It's now 21 years since Arsene Wenger's first official game in charge of Arsenal. Although he had initially accepted the job a few weeks before, his contract with Nagoya Grampus Eight necessitated a delay. On October 12, 1996, he finally took to the dugout as the Gunners' boss.
The fixture in question was a 2-0 win at Blackburn Rovers. Funnily enough, Wenger began his Arsenal reign playing three at the back—a system he has reverted to in recent months.
In this piece, we cast an eye down the teamsheet and ask what became of the XI Wenger picked on that day.
Goalkeeper: David Seaman
England international goalkeeper Seaman remained Wenger's No. 1 for a further seven years. It was only in 2003 that Arsenal finally released him, allowing him to join Manchester City on a free transfer.
Unfortunately, the move didn't pan out particularly well for Seaman. Injuries began to mount up, and by January 2004, he was forced into retirement.
He briefly considered coming back to play for Walsall in 2005 but opted against it when he was informed that playing would have constituted a breach in the terms of his retirement insurance pay-out.
These days, Seaman enjoys occasional media appearances and perfecting his golf swing.
Right wing-back: Lee Dixon
The former Stoke City full-back left Arsenal a year earlier than Seaman, retiring as a double-winner in 2002. He was 38 years old and had racked up a remarkable 458 league appearances.
He now works as a pundit for ITV in the UK and NBC in the United States. He's eloquent about the game and tends to shy away from the cliche-ridden analysis offered by less capable pundits.
Dixon's interests in retirement have extended beyond football. Perhaps surprisingly, he is also a patron for Yorke Dance—a ballet company producing dance in London and Los Angeles.
Centre-back: Martin Keown
Seaman, Dixon, Keown and the rest were all part of an ageing Arsenal defence that most onlookers expected Wenger to swiftly dispense with. However, they ended up staying well into the new millennium.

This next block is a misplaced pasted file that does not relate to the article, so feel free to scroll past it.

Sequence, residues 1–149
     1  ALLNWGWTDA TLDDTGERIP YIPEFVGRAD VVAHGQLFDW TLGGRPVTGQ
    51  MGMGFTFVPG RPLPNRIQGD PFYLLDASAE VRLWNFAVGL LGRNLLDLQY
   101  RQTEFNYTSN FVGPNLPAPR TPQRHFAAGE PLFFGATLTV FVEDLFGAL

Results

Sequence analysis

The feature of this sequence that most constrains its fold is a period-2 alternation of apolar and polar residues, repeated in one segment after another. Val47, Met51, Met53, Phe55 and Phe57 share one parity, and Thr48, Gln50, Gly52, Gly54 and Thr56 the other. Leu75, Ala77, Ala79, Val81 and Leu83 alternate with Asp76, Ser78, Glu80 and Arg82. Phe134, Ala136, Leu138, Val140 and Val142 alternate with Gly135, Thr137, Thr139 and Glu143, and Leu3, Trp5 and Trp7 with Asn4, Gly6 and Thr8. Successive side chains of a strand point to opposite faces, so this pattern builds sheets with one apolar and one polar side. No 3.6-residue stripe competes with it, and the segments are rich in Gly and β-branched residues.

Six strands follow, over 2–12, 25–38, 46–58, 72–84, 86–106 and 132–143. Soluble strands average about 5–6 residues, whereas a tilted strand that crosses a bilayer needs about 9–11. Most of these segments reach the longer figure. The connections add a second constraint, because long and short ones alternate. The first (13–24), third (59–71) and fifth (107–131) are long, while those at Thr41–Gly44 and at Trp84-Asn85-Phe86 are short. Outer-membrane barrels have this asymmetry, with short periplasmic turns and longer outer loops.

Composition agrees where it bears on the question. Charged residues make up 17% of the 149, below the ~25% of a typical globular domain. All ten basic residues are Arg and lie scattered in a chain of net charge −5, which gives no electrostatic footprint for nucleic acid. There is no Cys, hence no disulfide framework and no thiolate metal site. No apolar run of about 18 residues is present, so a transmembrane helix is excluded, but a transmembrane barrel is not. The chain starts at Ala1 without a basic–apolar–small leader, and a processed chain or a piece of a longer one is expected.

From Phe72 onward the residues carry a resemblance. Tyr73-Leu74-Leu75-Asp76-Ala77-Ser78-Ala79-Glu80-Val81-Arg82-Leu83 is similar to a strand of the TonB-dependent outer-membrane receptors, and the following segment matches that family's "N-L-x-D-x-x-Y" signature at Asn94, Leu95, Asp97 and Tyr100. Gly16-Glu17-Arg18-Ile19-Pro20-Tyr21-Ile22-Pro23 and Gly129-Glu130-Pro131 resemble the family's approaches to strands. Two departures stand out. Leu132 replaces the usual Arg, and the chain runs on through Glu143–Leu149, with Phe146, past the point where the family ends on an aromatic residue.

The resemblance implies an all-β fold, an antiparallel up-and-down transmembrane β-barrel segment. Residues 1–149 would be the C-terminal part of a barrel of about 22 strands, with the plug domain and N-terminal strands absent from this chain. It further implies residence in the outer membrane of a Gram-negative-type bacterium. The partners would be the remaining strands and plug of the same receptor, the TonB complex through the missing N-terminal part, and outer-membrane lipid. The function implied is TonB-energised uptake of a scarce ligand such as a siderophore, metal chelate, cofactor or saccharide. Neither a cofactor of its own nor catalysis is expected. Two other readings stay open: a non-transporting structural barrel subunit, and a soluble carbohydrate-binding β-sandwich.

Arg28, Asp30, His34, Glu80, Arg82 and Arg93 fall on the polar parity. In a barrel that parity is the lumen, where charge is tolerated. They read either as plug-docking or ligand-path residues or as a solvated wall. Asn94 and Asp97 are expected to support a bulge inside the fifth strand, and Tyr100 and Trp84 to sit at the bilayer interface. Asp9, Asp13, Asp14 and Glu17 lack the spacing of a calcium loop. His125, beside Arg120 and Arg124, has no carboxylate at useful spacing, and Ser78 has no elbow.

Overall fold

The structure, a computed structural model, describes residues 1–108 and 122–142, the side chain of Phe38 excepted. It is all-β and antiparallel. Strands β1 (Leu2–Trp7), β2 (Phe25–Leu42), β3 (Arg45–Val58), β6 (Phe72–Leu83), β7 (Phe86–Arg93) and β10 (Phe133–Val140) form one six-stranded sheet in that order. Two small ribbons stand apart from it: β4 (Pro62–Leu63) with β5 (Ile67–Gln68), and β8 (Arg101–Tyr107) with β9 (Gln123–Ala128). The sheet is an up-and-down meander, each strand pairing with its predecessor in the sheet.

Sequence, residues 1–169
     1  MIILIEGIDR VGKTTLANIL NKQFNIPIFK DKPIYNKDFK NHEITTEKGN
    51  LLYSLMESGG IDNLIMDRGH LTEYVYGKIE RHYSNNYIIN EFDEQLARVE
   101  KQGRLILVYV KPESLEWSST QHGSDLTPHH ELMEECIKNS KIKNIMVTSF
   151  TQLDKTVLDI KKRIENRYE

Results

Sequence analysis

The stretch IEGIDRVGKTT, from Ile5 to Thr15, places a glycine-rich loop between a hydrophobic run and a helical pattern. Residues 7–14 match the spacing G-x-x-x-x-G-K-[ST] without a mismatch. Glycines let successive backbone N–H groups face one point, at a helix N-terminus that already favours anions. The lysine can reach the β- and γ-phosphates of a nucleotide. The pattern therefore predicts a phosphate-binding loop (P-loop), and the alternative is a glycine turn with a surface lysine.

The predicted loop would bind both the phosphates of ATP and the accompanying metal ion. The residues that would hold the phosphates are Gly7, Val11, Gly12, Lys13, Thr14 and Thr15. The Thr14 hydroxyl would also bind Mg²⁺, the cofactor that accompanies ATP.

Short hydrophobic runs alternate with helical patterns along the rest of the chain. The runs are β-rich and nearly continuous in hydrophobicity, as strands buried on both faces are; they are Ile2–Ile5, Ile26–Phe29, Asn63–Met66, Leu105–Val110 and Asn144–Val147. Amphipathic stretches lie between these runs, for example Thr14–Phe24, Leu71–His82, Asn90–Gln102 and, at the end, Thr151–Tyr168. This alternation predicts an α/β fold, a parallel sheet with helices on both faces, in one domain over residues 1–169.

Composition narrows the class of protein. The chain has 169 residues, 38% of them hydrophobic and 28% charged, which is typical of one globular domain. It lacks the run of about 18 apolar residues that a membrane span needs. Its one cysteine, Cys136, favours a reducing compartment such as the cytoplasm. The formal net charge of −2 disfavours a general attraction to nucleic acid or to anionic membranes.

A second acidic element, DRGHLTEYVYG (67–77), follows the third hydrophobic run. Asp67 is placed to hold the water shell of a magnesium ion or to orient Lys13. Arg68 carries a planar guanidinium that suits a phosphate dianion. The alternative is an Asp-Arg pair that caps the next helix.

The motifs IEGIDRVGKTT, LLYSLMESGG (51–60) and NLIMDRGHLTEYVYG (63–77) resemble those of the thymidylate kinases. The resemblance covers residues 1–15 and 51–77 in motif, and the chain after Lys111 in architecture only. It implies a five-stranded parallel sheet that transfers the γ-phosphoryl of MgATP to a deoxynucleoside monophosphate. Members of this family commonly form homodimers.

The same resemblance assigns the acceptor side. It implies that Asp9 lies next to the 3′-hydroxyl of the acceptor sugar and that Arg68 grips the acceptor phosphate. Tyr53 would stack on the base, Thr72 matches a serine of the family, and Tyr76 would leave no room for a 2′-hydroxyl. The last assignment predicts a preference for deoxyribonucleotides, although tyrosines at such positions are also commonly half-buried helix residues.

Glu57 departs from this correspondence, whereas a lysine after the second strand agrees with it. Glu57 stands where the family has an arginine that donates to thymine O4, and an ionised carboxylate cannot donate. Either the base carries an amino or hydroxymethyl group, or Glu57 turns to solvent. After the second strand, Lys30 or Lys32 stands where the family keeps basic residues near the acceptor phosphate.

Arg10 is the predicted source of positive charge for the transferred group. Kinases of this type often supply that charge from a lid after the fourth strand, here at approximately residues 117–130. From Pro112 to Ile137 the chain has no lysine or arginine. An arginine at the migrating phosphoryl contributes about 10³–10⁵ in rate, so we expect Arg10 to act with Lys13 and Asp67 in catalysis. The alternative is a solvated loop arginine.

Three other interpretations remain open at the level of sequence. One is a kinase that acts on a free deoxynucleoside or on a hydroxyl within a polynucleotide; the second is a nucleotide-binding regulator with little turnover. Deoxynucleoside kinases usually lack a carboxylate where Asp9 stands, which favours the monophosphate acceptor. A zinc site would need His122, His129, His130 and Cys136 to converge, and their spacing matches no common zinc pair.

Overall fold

Keown was the man who lasted longest, making enough appearances to pick up a Premier League winner’s medal in the Invincibles campaign of 2003/04. He then left Arsenal and had brief spells with Leicester City and Reading before hanging up his boots.
He dabbled with coaching, taking his badges and doing some work with the Arsenal first-team squad during the 2005/06 campaign. However, like many of his former team-mates, Keown is best known for his work as a television analyst.
Centre-back: Steve Bould
Only one member of the XI from Wenger's first match is still at Arsenal, and that's Bould. He initially left the club in 1999 to join Sunderland but was back by 2001 to embark on a career as a coach.
After leading Arsenal's academy side to three league titles, he succeeded Pat Rice as Wenger's assistant in 2012. Since taking that role, he has helped Arsenal to win three FA Cups in four years.
What's interesting is that although Bould was regarded as an outstanding centre-half, he has struggled to make Arsenal defensively solid. He is proof that someone's approach to coaching does not always reflect their playing style.
Centre-back: Tony Adams
The man who was synonymous with Arsenal Football Club for two decades is now a relative stranger at the Emirates Stadium. A statue of Adams stands on the stadium's concourse, but the man himself is rarely spotted at the ground.
It's clear who Adams feels is responsible for that. Speaking about Wenger in an interview with Donald McRae of the Guardian earlier this year, he said: "He [Wenger] stopped me from getting back into the club. That has been real."